Whilst at home during Lockdown Deirdre not only finished the designs for her 2021 rug collection but also found time to create an artwork for her home.
Here Deirdre describes, in her own words, the process of creating this painting, inspired by one of her carpets and shares her photographs of the painting as it developed.
‘There is a shallow alcove in the stone wall of our orangery which has been crying out for a mural for some time. When lockdown happened, and I knew I had a stretch of uninterrupted time, I decided that I could use this time for painting one on a pre-prepared board in my studio.
One of my earlier carpet designs called WINDSWEPT (pictured above) depicted leaves being swept from one end to the other. I decided that falling leaves as if outside in a breeze would be simple and would require no background setting except sky. I could aim at painting just a couple of leaves a day and hopefully finish it before the lockdown ended.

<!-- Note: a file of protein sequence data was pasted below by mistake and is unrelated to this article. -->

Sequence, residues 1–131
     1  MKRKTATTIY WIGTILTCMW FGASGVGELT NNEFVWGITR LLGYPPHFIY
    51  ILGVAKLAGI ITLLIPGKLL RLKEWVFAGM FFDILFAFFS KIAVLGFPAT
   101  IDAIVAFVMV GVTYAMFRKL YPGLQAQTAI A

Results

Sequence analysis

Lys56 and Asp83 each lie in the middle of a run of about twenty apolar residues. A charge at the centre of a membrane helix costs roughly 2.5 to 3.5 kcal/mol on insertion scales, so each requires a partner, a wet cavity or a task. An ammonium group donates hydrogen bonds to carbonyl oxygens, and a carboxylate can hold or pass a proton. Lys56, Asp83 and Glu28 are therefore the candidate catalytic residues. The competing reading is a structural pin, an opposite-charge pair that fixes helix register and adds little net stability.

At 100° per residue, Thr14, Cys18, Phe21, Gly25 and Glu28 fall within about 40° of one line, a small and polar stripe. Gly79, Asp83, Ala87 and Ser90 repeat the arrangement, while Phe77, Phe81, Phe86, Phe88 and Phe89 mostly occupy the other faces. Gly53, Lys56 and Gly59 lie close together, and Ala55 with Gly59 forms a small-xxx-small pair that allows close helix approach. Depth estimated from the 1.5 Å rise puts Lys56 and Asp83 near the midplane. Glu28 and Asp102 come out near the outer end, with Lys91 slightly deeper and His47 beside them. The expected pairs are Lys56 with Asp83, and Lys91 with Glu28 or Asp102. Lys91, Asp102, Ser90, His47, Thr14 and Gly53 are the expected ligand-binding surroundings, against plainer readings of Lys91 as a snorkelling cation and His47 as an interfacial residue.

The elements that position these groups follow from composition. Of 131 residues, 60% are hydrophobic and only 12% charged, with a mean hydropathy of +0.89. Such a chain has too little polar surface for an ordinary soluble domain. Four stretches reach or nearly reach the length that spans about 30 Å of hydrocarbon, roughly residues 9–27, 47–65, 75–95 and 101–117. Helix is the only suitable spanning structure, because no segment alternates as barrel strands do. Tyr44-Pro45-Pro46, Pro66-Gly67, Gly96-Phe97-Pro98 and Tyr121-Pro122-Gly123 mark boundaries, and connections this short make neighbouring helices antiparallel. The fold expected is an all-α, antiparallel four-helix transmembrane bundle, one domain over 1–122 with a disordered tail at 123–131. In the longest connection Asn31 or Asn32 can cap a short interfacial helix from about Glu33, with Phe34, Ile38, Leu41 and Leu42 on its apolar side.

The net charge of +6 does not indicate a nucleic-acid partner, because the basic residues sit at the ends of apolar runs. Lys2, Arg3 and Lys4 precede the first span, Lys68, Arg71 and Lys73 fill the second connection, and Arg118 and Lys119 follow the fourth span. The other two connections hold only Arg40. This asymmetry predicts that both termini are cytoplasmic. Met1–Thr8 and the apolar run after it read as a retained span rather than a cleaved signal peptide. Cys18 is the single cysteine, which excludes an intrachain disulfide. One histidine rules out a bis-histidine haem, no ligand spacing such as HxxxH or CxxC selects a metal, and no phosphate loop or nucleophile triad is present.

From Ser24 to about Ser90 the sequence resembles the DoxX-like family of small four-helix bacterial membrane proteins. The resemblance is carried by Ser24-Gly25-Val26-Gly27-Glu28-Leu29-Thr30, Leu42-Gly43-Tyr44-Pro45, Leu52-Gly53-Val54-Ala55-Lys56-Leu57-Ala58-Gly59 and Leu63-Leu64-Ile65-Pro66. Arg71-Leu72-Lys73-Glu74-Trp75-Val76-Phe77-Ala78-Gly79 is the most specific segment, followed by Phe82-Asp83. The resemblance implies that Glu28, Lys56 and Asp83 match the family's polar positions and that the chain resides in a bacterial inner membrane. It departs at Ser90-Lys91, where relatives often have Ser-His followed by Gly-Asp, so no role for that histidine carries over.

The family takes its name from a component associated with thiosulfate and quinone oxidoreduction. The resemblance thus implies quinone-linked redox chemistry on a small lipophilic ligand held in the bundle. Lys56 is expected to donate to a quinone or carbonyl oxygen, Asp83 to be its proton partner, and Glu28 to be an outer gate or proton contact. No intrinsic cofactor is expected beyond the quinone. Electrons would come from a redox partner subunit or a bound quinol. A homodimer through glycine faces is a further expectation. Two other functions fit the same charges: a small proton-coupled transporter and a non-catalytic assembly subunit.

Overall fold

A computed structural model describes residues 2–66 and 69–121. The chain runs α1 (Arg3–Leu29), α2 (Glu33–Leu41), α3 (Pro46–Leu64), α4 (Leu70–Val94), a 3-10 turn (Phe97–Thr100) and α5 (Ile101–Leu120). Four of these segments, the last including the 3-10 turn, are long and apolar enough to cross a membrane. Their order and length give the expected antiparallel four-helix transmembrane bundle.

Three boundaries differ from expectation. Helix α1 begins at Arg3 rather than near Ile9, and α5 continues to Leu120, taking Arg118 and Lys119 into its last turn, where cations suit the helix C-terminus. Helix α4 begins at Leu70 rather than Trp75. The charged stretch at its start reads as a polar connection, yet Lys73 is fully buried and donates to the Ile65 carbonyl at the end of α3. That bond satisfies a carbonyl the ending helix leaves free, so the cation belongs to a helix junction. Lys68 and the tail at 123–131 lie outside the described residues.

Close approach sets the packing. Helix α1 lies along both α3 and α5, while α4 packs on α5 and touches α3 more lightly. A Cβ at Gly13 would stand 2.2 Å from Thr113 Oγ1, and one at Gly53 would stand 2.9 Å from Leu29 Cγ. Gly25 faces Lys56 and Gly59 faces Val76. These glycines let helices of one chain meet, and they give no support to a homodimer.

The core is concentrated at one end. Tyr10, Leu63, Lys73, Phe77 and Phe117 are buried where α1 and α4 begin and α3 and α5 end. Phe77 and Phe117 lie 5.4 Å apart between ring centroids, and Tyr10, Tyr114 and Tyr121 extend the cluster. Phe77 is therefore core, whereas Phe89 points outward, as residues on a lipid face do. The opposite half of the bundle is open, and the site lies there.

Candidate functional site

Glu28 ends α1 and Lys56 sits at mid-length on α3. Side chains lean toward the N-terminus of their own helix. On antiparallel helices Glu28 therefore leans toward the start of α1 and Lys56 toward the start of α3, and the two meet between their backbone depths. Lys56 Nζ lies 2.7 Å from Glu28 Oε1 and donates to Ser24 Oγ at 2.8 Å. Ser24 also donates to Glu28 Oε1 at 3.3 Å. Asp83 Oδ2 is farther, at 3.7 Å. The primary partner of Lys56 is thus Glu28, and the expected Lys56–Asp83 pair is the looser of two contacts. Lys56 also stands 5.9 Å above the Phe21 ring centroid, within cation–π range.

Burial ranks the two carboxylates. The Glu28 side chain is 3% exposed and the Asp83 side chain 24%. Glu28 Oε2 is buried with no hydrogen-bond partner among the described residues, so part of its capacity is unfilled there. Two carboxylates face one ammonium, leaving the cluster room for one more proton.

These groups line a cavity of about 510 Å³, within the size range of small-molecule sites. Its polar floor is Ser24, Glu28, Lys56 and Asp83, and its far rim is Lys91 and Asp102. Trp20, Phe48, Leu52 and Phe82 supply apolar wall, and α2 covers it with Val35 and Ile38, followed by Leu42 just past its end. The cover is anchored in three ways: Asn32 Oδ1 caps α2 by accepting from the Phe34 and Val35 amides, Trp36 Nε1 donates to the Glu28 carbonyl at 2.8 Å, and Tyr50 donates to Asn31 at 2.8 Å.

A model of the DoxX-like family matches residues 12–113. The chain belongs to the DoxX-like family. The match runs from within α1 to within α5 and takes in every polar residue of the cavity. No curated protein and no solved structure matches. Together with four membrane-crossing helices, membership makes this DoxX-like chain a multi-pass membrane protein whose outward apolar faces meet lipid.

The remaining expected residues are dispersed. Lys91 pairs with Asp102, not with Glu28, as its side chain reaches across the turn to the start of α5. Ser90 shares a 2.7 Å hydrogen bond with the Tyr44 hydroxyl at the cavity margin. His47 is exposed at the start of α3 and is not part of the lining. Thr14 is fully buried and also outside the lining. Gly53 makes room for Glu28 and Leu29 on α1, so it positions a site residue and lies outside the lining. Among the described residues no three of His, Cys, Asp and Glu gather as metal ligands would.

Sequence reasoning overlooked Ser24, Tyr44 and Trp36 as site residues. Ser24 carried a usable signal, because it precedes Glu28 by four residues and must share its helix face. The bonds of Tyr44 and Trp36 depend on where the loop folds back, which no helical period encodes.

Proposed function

It is especially appropriate too as the leaves I used in both the carpet and painting all come from my garden so the panel would be perfect for its new home.
The panel was really tall so I had steps to reach to top and climb up and down all the time to reach my materials – good for fitness! I painted the whole background as a graded sky from a deep cobalt blue fading to a whiter sky at the bottom.
I had kept all the sketches from my original research and collected many more leaves too. It wasn’t too difficult painting them against the sky as they really seem to float but I also painted a step at the bottom to tie with a real step in the orangery, and these leaves each had to have a shadow to anchor them to the ground which took quite a bit longer.